Must a Peruzbal be made by a Jewish owned credit card company?
All the accounts that are not set to be billed until after R”H of the 8th year [such as all the credit cards used within the days before R”H] do not require a Peruzbal as their due date will not arrive until after Shemita.
Must a Jewish landlord perform a Peruzbal to collect rent from Jewish tenants?
If the rent is only due after the end of Shemita then a Peruzbal is not required. If the rent is due before Shemita, and has not yet been paid, then he is required to perform a Peruzbal.
Does one with a bank account in a Jewish owned bank have to perform a Peruzbal?
If the Jew has money in his account, then he is required to perform a Peruzbal before Rosh Hashanah of Shemita.
Must a Jewish owned bank perform a Peruzbal to collect the money they are owed from clients?
If one was given a check that will not be cashed until after Shemita is a Peruzbal required?
 See Admur 39
 Admur ibid; Michaber 67:14
 The reason: The amount owed in this case is considered a loan and thus needs a Peruzbal as the seller can demand the money at any time. [ibid]
 Admur ibid “If the seller gives credit for one to two years, then the Shemita year does not abolish this debt [and thus a Peruzbal is not required].”
The reason: The amount owed in this case is considered Hakafa [credit] and not a loan and thus he does not need a Peruzbal as the seller will not demand the money right away and it is thus similar to one who set a date for after the Shemita. [ibid]
 Second opinion in Rama 67:14 and Admur ibid
 The reason: If the account was calculated before the end of the Shemita year then it needs a Peruzbal being that the actual calculation turns the credit into a loan, even if the buyer can pay it back whenever he wants. However, if it has not yet been calculated then it’s as if the buyer doesn’t yet owe the seller any money and thus doesn’t need a Peruzbal.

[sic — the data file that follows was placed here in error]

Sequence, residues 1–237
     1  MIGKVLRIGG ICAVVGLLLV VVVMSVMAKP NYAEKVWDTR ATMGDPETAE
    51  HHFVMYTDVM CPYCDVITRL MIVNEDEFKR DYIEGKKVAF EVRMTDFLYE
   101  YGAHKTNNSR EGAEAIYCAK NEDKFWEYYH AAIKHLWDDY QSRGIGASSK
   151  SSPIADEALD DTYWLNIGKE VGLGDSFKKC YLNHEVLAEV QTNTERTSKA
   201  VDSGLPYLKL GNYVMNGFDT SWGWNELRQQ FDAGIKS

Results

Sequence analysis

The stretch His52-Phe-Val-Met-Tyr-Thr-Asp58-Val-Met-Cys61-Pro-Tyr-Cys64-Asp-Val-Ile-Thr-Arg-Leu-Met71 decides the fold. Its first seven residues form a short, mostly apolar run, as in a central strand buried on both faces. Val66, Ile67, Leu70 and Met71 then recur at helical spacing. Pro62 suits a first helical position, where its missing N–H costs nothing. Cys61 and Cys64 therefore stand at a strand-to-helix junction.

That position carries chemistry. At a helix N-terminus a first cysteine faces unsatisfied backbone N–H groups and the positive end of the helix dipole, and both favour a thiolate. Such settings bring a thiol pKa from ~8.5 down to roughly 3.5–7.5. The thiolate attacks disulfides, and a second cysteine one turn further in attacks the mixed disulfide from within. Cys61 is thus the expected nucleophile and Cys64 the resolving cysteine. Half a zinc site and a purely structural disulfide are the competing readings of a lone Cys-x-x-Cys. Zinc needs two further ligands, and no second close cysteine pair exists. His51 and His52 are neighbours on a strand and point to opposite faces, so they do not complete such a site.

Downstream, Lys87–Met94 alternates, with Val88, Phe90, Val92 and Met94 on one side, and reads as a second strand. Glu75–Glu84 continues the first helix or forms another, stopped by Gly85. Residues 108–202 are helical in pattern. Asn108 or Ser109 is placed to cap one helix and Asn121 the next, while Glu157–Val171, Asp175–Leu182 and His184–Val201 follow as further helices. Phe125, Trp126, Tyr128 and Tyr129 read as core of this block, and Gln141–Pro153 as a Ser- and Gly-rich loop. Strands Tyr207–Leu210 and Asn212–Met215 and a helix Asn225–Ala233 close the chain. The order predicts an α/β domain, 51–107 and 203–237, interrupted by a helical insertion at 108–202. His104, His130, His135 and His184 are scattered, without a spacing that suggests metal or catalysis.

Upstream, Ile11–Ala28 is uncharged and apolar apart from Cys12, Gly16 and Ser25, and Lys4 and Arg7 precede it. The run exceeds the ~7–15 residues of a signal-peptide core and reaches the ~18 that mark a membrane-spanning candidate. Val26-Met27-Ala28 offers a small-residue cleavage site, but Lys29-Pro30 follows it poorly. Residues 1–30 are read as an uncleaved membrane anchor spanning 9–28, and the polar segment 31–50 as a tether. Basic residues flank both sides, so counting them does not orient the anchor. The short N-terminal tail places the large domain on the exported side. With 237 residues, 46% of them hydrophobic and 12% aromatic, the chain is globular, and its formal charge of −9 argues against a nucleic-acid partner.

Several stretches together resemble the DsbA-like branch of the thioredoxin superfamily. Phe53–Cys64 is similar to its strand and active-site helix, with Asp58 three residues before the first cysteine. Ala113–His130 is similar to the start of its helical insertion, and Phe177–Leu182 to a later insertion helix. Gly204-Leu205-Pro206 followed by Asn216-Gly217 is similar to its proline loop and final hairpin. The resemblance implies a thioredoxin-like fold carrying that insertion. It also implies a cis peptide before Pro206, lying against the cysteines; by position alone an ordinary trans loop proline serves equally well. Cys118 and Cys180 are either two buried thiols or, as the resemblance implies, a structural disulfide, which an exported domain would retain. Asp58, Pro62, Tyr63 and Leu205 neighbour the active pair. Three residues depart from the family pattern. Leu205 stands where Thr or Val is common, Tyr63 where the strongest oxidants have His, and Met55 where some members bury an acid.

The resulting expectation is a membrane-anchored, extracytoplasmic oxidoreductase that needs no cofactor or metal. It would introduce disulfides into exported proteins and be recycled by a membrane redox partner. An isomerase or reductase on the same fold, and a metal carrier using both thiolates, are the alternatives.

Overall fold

First opinion in Rama ibid; Admur ibid
 The reason: According to this opinion it only turns from credit into a loan after the buyer is given a due date to pay it back. However until then it is considered credit and Shemita does not abolish credit.
 Admur 39
 The reason: Upon the purchase the buyer was immediately obligated to pay the seller and the fact that the seller allowed him to take credit is considered as if he lent him the money in which case Shemita abolishes the loan. [ibid]
 Based on Admur ibid that the date arrived before the Shemita year.
 Based on Admur ibid regarding credit
 Pashut; Nitei Gavriel 12 p. 94
 See Nitei Gavriel 12; Yechaveh Daas 4:64; Yabia Omer 10:3
 The reason: As the money in his account is considered money lent to the bank and thus requires a Peruzbal if the bank is Jewish owned.
 See Nitei Gavriel 12; Yechaveh Daas 4:64; Yabia Omer 10:3
 Igros Moshe Choshen Mishpat 2:15; Shevet Halevy 9:291; Minchas Shlomo 3:134-19; see Nitei Gavriel 12:8
 The reason: If the check is postdated until after Shemita then it is considered not due until that time. Furthermore, a check is considered like actual payment and hence it no longer has a status of “do not collect the money” [“Lo Yigosh”] [Igros Moshe ibid]